The Federal Trade Commission recently announced that it is seeking public comment on potential updates and changes to the Green Guides for the Use of Environmental Claims. The Commission’s Green Guides help marketers avoid making environmental marketing claims that are unfair or deceptive under Section 5 of the FTC Act.

                      The Commission seeks to update the guides based on increasing consumer interest in buying environmentally friendly products. Comments may be submitted online and are due by February 21, 2023.

                          Submit comments by February 21

                          New publications

                          6th Chemical Footprint Project (CFP) Report

                          Clean Production Action recently released the 6th Chemical Footprint Project (CFP) Report. Highlights from the 2021 report include: 

                          • Companies with over $1 trillion in annual revenue from seven business sectors participated in the 2021 CFP Survey. Over one year, they collectively reported chemical footprint reductions of 83.4 million pounds/37.8 million kilograms.
                          • Walmart, one of the world’s largest retailers, surpassed its 10% chemical footprint reduction goal in formulated products by achieving a 17% reduction and encouraged its suppliers to set impactful chemical footprint goals. 
                          • Reckitt, a major consumer goods company and retailer supplier with brands including Lysol, Woolite, and Calgon, announced it is “aiming for a 65% reduction in our chemical footprint by 2030.”
                          • Investors are utilizing CFP Survey as a leadership framework in shareholder resolutions and benchmarking assessments.
                          • The US Securities and Exchange Commission’s (SEC) new proxy voting disclosure requirements for institutional investment managers listed “chemical footprint” among the examples for “Environment or climate” reporting requirements.
                          Read the full report

                          Accounting for Impact

                          This insight brief from the Rocky Mountain Institute details the importance of consequential accounting methods in evaluating and incentivizing a company’s emissions reduction efforts and demonstrating progress toward climate targets.
                          Read the full brief

                          Commercial Building Incentives: Programs for New Construction and Upgrades in the Inflation Reduction Act and Other Recent Federal Laws

                          This policy brief from the American Council for an Energy Efficient Economy summarizes programs in the Inflation Reduction Act and Infrastructure Investment and Jobs Act that will or could provide significant resources for energy efficiency in commercial and public buildings.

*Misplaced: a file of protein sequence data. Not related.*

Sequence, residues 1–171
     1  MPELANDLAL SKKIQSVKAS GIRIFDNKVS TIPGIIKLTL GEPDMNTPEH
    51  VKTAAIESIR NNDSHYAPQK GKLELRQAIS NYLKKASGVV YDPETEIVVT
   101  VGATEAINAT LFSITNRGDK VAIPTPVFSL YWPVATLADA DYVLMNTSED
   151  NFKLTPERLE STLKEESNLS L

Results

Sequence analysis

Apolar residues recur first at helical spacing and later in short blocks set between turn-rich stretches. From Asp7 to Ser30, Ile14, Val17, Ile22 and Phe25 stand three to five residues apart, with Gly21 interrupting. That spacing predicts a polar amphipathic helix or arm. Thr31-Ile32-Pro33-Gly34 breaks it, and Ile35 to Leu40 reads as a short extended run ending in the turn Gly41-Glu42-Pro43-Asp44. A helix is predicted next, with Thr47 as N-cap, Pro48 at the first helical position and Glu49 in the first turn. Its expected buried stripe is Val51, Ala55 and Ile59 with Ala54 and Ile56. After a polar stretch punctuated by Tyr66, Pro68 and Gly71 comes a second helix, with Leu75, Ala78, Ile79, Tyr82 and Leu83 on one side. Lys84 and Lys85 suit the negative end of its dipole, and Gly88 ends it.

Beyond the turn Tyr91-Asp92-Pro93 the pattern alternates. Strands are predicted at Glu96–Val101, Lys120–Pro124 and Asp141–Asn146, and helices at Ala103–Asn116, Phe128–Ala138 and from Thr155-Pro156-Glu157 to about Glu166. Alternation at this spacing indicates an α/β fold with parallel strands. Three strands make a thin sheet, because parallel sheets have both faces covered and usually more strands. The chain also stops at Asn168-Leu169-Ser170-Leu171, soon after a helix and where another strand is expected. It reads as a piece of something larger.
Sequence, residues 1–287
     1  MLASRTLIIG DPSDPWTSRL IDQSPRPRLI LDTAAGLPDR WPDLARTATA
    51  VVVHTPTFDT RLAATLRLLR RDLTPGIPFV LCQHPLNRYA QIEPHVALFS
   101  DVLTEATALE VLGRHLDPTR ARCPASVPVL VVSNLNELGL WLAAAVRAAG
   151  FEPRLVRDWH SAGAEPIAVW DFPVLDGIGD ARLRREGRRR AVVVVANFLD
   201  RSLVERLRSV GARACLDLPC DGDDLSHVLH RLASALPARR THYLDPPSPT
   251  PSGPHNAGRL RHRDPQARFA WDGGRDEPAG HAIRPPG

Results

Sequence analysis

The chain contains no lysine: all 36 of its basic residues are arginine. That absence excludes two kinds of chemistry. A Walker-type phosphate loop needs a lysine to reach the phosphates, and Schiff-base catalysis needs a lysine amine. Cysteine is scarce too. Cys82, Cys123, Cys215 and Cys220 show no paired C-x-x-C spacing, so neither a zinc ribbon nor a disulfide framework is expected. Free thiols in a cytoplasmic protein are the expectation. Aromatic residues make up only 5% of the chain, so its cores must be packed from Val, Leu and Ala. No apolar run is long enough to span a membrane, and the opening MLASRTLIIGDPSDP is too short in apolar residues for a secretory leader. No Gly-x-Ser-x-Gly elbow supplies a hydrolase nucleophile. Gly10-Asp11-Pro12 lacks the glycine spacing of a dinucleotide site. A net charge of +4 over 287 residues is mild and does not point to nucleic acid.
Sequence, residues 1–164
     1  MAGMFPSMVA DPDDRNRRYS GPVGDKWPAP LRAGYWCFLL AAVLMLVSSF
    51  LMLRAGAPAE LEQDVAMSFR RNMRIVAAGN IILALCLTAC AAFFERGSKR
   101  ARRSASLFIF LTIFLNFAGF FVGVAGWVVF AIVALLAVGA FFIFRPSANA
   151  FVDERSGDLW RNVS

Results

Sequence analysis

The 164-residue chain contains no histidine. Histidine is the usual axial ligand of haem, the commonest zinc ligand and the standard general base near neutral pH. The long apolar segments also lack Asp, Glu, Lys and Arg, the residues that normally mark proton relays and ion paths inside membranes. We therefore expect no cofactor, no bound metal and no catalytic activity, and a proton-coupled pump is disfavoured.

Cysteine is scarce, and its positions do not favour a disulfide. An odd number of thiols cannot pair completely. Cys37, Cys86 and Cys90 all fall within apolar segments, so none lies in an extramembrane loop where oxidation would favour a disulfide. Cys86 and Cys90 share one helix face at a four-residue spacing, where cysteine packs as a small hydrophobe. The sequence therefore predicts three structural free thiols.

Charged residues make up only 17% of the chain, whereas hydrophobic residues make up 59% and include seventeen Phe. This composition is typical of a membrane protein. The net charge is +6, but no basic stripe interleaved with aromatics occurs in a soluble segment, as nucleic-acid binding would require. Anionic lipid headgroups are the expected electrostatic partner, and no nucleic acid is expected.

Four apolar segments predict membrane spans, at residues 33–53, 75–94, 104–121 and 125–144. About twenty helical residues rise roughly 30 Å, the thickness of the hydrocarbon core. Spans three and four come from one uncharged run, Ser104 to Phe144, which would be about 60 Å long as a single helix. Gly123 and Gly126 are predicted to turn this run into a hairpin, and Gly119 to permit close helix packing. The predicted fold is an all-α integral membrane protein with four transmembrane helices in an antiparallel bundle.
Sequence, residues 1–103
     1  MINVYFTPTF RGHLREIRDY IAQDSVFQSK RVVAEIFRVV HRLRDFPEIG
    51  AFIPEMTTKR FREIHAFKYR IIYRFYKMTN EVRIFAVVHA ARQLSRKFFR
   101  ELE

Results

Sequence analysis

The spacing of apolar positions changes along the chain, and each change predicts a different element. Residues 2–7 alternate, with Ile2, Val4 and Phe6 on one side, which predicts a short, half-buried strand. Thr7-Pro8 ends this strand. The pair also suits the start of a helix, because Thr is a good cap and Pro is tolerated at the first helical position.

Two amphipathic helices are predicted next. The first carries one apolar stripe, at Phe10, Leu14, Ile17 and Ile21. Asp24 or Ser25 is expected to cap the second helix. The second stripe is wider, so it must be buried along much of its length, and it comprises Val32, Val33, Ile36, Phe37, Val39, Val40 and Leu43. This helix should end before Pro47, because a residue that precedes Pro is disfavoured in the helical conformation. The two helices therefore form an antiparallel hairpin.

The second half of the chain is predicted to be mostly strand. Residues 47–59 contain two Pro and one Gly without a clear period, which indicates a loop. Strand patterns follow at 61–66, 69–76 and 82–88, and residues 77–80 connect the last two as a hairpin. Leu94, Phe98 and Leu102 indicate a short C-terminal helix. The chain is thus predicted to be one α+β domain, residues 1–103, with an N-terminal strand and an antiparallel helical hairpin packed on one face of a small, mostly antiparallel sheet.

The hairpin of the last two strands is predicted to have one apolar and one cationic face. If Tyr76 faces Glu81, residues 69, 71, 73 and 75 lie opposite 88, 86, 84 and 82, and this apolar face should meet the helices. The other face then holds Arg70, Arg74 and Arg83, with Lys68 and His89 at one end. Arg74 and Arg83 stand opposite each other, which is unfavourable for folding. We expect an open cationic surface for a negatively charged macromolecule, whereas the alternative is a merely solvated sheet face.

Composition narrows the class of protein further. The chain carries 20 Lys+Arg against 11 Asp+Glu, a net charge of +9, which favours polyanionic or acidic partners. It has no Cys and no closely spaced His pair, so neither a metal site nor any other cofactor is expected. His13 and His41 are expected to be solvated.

Read the full brief

                          Commercial Building Incentives: Programs for New Construction and Upgrades in the Inflation Reduction Act and Other Recent Federal Laws

                          This policy brief from the American Council for an Energy Efficient Economy summarizes programs in the Inflation Reduction Act and Infrastructure Investment and Jobs Act that will or could provide significant resources for energy efficiency in commercial and public buildings.

                          Read the full brief

                          Measuring Statewide Impacts of Reuse

                          With this study, Reuse Minnesota intended to refine the methodologies of previous studies conducted by Reuse Minnesota and the Minnesota Pollution Control Agency. The goals were to obtain updated results on the statewide impacts of reuse and create a user-friendly tool that will allow Reuse Minnesota to replicate the study in future years.

                          Data on more than 13,000 businesses in Minnesota were pulled from the Dun & Bradstreet database for analysis in the tool. Overall, the research shows that the reuse economy continues to have strong positive environmental, economic, and social benefits in Minnesota.

                          Read the full report

                          Optimizing Chemicals Management in the United States and Canada through the Essential-Use Approach

                          In a new Environmental Science & Technology (ES&T) paper, scientists from government agencies, nonprofit organizations, and academia provide specific recommendations for how the essential-use approach to chemicals management can be applied by governments and businesses wanting to remove harmful chemicals from commerce.

                          Read the paper

                          Strategies for Plastics Innovation

                          In this report, DOE calls for advancing certain chemical recycling technologies and improving mechanical recycling of plastics. It also calls for doing more with biodegradable and bio-based plastics technology and approaching R&D projects with a more intentional environmental justice focus.

                          Read the full report